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Cohesion and Big ActiveRecord Models

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Cohesion and Big ActiveRecord Models

One of the problems of big ActiveRecord models is their low cohesion. In Rails we group behaviour around the entities of the domain we're modelling. If we use only ActiveRecord models for that, we'll probably end up with classes full of actions, in most cases, completely unrelated to each other (except for the fact that they act on the same domain entity).

To illustrate the issue let's imagine a big Post AR model of a blog application. In this app, users can add tags to their posts. Since this is the only class with this ability, I decide to put the related logic in the Post model itself. For this, presumably at the beginning of the file, I write a couple of has_many entries for tags and taggings. Then, fifty lines below, along with the rest of scopes, I add one more to find posts by tag name. A couple of hundred lines later, I put a virtual attribute tag_list which will be used to update the associations from a string of tag names separated by commas. Finally, at the bottom of my gigantic model, a private method will contain the nuts and bolts of the transformation of the tag_list.

I don't know about you, but I find this often in my code. All the logic related to the same concern is scattered across a 600-line file. Every time the tagging functionality changes, I have to jump back and forth until I find the code that I need to update. This is specially inconvenient having associations, validations and callbacks which purpose, out of context, isn't always easy to understand.

Putting together what changes together

The fundamental rule of thumb is to put things together that change together.

This is how Martin Fowler encourage us to write highly cohesive code. That's one of the qualities I like my code to have in order to keep it enjoyable to maintain.

In our example, this is something we can achieve by extracting the tagging logic to a concern:

module Taggable
  extend ActiveSupport::Concern

  included do
    has_many :taggings
    has_many :tags, through: :taggings

    scope :tagged_with, ->(tag_name) do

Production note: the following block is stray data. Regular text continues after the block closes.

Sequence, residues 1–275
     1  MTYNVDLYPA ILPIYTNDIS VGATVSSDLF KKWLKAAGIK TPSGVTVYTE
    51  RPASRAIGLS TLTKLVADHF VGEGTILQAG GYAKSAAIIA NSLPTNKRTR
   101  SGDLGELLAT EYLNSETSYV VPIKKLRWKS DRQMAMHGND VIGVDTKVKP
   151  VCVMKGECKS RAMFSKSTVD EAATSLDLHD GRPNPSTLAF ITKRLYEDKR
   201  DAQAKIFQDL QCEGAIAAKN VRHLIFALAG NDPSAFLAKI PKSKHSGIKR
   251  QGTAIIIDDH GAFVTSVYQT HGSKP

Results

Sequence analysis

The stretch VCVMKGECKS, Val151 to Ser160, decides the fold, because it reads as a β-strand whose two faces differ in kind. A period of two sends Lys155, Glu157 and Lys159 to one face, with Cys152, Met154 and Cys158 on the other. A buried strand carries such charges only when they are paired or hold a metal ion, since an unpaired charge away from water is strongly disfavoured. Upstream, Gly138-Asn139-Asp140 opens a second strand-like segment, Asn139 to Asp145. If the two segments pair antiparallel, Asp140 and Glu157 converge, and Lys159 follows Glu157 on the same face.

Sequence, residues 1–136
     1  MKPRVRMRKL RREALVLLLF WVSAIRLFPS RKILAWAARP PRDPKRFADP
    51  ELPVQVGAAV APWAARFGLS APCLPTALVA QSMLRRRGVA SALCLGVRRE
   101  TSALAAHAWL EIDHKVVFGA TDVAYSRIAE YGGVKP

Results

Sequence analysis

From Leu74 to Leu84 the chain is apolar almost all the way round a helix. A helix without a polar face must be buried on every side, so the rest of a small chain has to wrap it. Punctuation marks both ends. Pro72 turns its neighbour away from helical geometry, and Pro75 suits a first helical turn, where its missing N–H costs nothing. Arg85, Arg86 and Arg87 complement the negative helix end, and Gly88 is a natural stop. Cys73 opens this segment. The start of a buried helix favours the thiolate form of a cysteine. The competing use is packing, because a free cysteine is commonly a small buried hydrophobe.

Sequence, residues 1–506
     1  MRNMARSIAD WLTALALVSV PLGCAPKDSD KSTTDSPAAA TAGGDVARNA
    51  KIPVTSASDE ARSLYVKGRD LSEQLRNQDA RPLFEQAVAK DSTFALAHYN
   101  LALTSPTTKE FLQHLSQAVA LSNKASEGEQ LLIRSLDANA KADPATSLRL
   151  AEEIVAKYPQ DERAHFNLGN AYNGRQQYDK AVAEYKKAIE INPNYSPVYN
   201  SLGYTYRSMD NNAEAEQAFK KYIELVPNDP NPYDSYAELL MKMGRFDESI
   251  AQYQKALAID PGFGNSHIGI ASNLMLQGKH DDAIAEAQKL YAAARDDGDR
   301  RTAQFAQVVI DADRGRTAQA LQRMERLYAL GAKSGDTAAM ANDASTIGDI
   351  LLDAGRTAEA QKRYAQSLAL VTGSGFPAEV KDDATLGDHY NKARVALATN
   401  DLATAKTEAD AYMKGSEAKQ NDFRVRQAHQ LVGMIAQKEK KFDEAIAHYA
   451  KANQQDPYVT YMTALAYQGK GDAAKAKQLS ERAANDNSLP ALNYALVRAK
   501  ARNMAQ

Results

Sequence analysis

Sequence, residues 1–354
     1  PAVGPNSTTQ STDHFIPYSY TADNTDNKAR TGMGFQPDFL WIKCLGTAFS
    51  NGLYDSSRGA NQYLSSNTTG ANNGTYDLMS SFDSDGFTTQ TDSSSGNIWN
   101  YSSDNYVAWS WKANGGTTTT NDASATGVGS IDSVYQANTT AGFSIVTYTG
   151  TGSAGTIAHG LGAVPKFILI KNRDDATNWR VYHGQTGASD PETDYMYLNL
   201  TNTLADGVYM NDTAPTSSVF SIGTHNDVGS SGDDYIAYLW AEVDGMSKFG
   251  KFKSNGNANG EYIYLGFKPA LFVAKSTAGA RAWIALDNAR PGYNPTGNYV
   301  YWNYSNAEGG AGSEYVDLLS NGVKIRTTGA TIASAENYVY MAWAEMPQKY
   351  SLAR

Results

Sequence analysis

joins(:tags).where(tags: { name: tag_name }) 
    end
  end

  def tag_list
    tags.pluck(:name).join(', ')
  end

  def tag_list=(tag_list)
    assign_tag_list tag_list
  end

  private

  def assign_tag_list(tag_list)
    tag_names = tag_list.split(',').map(&:strip).uniq

    self.tags = tag_names.map do |tag_name| 
      Tag.where(name: tag_name).first_or_initialize
    end
  end
end

Note that I chose a concern here because it seems a solution particularly appropriate, but there are other solutions that we could have used. The point is that the logic that we've extracted is all that is likely to change together and nothing else.

It's important to be aware that I'm adding a layer of indirection that I didn't have before. It's the price I decide to pay for the benefits I get in terms of cohesion.

Small objects can have problems too

Nevertheless, big AR models aren't the only objects with problems of cohesion, as we're about to see.

Let's say that I've recently read the excellent “7 Patterns to Refactor Fat ActiveRecord Models” in the Code Climate blog and I decide to use a Policy object to encapsulate the rule that stipulates what's considered an active user in my application:

class ActiveUserPolicy
  def initialize(user)
    @user = user
  end

  def active?
    @user.email_confirmed? &&
    @user.last_login_at < 14.days.ago
  end
end

(This snippet is extracted from the original post. Following snippets are mine)

With this object, everywhere I need to know whether a user is active or not, all I have to do is:

ActiveUserPolicy.new(user).active?

In my applications, I often find that wherever I have a policy like this one I also need to be able to fetch the list of objects that comply with it. For that, another of the patterns mentioned in the Code Climate article will come in handy, a Query object: